Wednesday, 18 November 2009

Customarily Stupid

Steve Benen (who was nice enough to reply yesterday to an email I sent him and is thus now my favourite blogger EVER, which I freely admit is totally pathetic) reads this column in the Washington Times and detects more than a hint of offensive commentary. The topic, rather depressingly, is how Obama's willingness to bow to foreign dignitaries (literally bowing, not in the sense of capitulation) is proof that he just ain't American enough.
He stopped just this side of the full grovel to the emperor of Japan, risking a painful genuflection if his forehead had hit the floor with a nasty bump, which it almost did. No president before him so abused custom, traditions, protocol (and the country he represents).


But Mr. Obama, unlike his predecessors, likely knows no better, and many of those around him, true children of the grungy '60s, are contemptuous of custom. Cutting America down to size is what attracts them to "hope" for "change." It's no fault of the president that he has no natural instinct or blood impulse for what the America of "the 57 states" is about. He was sired by a Kenyan father, born to a mother attracted to men of the Third World and reared by grandparents in Hawaii, a paradise far from the American mainstream.
Now, it's certainly true that arguing a President with a Kenyan father who grew up in a non-contiguous state lacks the "blood impulse" (whatever the Hell that means) that all true-blooded Americans share is pretty bad, and adding in "Plus, his mom was totally hot for Africans" is simply hideous (you can't be a true American if you find foreigners attractive is literally the least offensive way to take that statement).

Beyond the (extremely) thinly veiled nastiness, though, there's something else that bothers me about this piece. Well, two things; first there's the idea that it is somehow a major screw up for Obama to have bowed to the Japanese emperor and that no other American president has ever done such a thing (whoops!). At the very least if you're going to complain about someone violating custom you should ensure that said custom exists (which by the way is a process which involves more than simply pointing out some people in the past have done it).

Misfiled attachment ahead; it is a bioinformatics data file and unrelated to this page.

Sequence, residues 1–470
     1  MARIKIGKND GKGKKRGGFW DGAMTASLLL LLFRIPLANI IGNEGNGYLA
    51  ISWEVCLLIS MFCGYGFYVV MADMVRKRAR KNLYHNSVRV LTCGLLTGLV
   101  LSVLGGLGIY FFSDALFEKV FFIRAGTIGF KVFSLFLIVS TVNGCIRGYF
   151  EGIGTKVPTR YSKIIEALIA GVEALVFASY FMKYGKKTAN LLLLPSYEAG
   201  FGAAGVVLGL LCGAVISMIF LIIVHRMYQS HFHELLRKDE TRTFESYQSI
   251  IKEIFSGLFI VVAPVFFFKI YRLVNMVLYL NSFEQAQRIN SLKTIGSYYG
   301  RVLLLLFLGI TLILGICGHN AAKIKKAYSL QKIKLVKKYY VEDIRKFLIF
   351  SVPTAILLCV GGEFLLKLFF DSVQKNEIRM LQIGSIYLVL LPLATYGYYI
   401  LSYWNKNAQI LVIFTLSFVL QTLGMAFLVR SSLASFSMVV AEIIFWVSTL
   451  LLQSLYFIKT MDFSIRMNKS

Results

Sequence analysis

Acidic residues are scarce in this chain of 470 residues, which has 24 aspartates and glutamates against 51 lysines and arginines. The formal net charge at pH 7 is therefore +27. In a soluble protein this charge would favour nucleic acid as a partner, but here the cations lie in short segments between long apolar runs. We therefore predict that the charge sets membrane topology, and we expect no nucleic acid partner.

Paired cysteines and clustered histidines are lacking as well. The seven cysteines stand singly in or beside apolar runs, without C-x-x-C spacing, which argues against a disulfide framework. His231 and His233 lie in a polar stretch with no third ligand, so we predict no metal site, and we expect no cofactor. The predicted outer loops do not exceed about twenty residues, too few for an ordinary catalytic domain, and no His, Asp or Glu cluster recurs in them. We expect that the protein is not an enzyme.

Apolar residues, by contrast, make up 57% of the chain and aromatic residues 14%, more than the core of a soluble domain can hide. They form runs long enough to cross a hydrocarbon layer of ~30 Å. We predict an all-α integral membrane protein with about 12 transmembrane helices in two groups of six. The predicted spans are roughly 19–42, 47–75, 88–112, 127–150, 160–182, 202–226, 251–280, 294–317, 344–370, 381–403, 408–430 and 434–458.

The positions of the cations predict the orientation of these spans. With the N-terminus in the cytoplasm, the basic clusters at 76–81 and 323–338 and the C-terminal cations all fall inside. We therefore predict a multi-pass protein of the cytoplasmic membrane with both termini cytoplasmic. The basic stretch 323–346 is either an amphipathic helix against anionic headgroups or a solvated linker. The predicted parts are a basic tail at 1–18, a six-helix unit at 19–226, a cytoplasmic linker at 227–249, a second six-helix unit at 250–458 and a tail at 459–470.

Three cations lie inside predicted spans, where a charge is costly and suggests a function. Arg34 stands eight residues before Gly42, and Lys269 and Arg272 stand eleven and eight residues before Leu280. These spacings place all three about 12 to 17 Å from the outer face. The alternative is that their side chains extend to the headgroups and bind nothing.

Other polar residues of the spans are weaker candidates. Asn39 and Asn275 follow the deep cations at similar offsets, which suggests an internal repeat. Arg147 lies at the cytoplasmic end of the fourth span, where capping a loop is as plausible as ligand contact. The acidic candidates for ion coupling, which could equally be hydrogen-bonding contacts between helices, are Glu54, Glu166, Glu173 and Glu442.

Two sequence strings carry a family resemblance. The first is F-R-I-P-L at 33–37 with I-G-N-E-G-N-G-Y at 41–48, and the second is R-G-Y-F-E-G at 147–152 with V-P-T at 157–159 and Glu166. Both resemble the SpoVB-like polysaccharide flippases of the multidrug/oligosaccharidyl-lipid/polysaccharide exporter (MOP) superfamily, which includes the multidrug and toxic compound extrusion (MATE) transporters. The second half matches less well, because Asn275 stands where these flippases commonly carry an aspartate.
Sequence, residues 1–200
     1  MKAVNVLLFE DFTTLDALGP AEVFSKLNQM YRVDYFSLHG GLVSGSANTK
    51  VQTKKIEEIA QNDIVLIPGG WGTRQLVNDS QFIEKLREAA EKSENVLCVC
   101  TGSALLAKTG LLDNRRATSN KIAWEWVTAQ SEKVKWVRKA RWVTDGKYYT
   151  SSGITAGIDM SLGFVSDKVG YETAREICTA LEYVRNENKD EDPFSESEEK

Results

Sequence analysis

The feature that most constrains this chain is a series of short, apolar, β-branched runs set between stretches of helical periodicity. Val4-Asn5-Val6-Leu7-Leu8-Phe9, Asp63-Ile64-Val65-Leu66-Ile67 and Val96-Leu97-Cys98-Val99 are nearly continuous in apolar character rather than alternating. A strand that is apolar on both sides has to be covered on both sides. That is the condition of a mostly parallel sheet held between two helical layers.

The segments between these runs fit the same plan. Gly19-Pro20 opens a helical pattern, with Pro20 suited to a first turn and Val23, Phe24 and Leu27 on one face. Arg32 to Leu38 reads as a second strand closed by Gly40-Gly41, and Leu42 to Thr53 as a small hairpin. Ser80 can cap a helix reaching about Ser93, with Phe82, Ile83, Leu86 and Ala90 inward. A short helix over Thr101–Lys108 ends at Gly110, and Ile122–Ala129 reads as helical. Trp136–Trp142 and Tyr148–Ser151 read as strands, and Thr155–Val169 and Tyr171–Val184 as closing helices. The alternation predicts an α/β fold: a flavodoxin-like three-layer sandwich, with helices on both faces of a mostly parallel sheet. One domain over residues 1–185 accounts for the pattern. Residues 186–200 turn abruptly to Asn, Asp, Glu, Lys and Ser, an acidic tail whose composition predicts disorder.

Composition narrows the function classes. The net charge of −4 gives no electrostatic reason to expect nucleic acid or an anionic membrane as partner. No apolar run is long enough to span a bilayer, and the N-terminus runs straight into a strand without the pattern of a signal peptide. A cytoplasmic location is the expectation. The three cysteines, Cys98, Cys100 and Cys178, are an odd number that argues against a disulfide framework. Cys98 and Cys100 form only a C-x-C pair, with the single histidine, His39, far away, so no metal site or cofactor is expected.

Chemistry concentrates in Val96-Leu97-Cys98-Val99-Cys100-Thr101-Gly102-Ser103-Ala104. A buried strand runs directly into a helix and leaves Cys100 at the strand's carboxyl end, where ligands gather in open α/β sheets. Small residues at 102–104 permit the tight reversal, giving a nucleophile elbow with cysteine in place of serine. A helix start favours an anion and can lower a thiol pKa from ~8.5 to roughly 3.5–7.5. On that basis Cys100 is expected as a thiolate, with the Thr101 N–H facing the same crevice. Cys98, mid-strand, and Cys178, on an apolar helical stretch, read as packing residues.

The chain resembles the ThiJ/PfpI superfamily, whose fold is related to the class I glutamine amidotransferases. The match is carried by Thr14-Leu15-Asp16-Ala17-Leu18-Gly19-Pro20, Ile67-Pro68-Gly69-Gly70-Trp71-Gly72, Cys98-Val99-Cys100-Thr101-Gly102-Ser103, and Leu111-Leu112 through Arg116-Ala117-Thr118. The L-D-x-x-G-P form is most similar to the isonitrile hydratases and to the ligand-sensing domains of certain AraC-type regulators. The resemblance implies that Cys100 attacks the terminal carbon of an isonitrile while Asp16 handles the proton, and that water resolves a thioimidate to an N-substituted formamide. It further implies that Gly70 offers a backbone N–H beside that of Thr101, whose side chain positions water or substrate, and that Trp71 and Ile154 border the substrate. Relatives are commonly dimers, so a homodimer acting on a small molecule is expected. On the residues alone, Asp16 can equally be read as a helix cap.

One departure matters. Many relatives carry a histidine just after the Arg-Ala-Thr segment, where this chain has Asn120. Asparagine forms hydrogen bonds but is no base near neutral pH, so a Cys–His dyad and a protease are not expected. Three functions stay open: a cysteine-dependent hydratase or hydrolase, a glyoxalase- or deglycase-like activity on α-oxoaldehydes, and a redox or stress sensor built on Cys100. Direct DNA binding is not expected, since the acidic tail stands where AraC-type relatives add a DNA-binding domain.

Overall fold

Secondly, though, and this is what surprised me most about the whole piece: how is it possible for anyone to argue that someone observing a custom demonstrates a contempt for custom?

There is, of course, a way to reconcile the two, but Pruden either didn't quite have the guts to say it (and what are the chances of that after the whole "attracted to Third World men" comment?) or he didn't notice his argument as it stands if self-contradictory. Pruden's position is only coherent if one adds in the additional idea that is customary for Americans to be contemptuous of all other customs. It's one or the other. You're either for us or against us, and you show you're against us every time you refuse to show you're against anyone else.

This is what the lunatic right has been reduced to, arguing that Obama shows a lack of understanding of American history when he refuses to insult a foreign leader in his own country, and that the only way someone can prove they are aware of the importance of customs in society is to ignore them entirely in everyone's society but your own.

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